How to create zones in your garden
Gone are the days when a garden was just a patch of grass with a border of neat flowers placed around the edges. “Modern landscapers are now seamlessly integrating outdoor living spaces with interiors and creating zones areas that allow for different activities and moods” says Central London estate agent, LDG.
You can define zones in your garden with clever use of plants, fencing and landscaping materials, resulting in interesting and colourful areas where you can eat, relax and play. These handy tips show you how.
Choose different floor surfaces
Just like inside the home, a variety of flooring surfaces can help differentiate between various areas. You could try stone for dining zones, bark and astroturf for play areas, or decking for areas where you like to chill out and sunbathe.
Use colour wisely
You probably use colour indoors, so continue the theme outside too. Different coloured paint can be used on fences and walls to create zones. White is great for areas with colourful plants, green is perfect for play areas and deep jewel colours are perfect for dining areas – especially when combined with fairy lights.
Select different plants for different areas
Carefully chosen plants are perfect for playing with height, space and colour. Think about the overall look you want to create in each different zone – you might want tall, spiky plants for a tropical, wild look, delicate white blooms in more restful areas, or vibrant flowers by your sun loungers.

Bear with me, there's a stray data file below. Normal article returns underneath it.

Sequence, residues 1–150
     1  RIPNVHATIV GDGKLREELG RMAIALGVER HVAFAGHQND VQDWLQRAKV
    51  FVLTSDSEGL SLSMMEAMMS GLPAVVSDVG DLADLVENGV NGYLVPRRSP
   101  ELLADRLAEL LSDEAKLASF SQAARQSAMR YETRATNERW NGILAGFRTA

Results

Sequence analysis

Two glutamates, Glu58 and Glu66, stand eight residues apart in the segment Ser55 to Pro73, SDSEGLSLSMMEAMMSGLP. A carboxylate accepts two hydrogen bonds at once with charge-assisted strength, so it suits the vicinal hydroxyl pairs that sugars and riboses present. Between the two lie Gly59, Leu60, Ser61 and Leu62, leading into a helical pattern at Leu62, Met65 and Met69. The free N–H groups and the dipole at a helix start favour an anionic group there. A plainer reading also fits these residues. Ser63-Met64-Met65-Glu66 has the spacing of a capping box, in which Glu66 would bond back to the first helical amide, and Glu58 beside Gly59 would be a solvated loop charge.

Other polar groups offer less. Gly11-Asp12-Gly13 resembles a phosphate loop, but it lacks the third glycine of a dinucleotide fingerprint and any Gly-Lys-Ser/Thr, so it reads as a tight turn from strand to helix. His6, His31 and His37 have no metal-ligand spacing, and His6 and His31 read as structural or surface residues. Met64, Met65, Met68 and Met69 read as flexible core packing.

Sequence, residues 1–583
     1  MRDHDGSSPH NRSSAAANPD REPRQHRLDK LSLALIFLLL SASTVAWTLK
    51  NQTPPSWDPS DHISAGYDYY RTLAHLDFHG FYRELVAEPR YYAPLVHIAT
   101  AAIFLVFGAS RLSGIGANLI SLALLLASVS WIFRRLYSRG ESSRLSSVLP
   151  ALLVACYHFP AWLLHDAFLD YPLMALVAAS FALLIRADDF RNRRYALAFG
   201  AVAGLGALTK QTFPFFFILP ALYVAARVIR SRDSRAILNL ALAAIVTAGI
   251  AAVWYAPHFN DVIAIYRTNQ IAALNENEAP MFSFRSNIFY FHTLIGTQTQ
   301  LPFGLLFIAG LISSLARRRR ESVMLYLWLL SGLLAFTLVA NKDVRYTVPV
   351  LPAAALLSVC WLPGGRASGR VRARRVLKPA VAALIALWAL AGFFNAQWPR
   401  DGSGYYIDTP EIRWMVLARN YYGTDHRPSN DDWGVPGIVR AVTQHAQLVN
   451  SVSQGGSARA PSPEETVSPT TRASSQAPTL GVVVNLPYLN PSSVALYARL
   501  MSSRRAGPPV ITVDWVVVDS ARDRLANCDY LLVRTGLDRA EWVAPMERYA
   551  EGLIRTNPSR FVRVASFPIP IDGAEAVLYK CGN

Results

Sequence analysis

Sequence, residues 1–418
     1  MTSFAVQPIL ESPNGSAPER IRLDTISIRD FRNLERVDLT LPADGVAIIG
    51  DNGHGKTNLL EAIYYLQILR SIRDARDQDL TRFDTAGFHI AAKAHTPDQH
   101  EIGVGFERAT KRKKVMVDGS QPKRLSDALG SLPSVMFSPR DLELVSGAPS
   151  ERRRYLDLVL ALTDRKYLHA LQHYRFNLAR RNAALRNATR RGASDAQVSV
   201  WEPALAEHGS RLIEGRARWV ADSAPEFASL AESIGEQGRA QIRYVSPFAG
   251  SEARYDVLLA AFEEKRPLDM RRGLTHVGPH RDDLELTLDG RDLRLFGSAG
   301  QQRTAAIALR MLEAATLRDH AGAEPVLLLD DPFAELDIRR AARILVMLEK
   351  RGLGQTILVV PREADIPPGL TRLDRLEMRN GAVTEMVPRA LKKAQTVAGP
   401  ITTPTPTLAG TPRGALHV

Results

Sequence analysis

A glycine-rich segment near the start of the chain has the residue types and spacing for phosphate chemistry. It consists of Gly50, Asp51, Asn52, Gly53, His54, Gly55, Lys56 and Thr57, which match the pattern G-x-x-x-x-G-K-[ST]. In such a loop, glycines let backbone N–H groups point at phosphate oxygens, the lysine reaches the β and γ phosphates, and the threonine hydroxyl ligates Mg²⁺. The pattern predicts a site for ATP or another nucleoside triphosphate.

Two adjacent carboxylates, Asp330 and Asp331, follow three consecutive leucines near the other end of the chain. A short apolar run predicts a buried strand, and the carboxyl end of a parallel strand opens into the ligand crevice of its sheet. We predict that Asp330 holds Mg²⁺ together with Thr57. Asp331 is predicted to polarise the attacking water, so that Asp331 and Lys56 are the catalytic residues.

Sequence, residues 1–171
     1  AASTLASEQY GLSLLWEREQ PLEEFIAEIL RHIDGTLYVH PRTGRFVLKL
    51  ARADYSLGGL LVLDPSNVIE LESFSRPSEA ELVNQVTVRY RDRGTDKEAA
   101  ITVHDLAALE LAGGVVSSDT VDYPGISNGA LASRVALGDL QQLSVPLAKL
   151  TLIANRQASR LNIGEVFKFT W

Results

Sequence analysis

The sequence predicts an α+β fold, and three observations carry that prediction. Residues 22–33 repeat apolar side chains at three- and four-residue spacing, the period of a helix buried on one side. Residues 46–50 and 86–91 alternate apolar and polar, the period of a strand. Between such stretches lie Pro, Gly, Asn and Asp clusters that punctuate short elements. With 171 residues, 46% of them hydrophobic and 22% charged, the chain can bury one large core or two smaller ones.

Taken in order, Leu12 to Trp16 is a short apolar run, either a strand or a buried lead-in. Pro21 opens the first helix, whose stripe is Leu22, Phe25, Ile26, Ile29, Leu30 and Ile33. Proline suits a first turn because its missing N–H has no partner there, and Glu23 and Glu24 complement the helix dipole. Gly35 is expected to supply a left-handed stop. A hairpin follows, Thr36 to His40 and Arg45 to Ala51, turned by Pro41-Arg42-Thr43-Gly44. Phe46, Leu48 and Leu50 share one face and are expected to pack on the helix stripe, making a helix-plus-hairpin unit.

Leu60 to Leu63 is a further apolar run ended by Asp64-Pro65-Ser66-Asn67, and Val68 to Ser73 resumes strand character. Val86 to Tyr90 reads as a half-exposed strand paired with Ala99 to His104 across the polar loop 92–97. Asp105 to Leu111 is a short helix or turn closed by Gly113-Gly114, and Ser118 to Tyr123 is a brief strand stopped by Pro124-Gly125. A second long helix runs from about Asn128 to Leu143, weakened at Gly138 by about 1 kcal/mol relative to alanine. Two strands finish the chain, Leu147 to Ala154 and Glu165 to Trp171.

Use the whole space – including walls
It’s common for gardeners to concentrate on pots and flower beds but completely ignore their vertical spaces. Screens, fences, pergolas, trellises and pergolas all create the perfect backtrop for climbling plants, adding instant colour and personality to your garden.
Select a spot for veggies, fruit and herbs
You don’t have to be green fingered to grow your own fruit and veg. There are lots of easy start, DIY kits available in garden centres and home stores that can enable you to grow fresh, tasty crops from herbs to strawberries. “It’s a great way to get children involved in gardening and trying healthy foods, and there’s nothing like eating a meal accompanied by a fresh salad you’ve grown yourself” says Assetgrove. Veggie patches are great tucked away at the top of the garden, and even better if you’ve got room for a windy path.
According to Best Gapp, a zoned garden is a real winner if you’re looking to sell, too. “Pretty and well thought out gardens are a huge selling point, and lots of house hunters are swayed by properties that offer an attractive outdoor living space. Making the most of your garden and making it as interesting and appealing as possible can work wonders when your house is on the market” h/she said.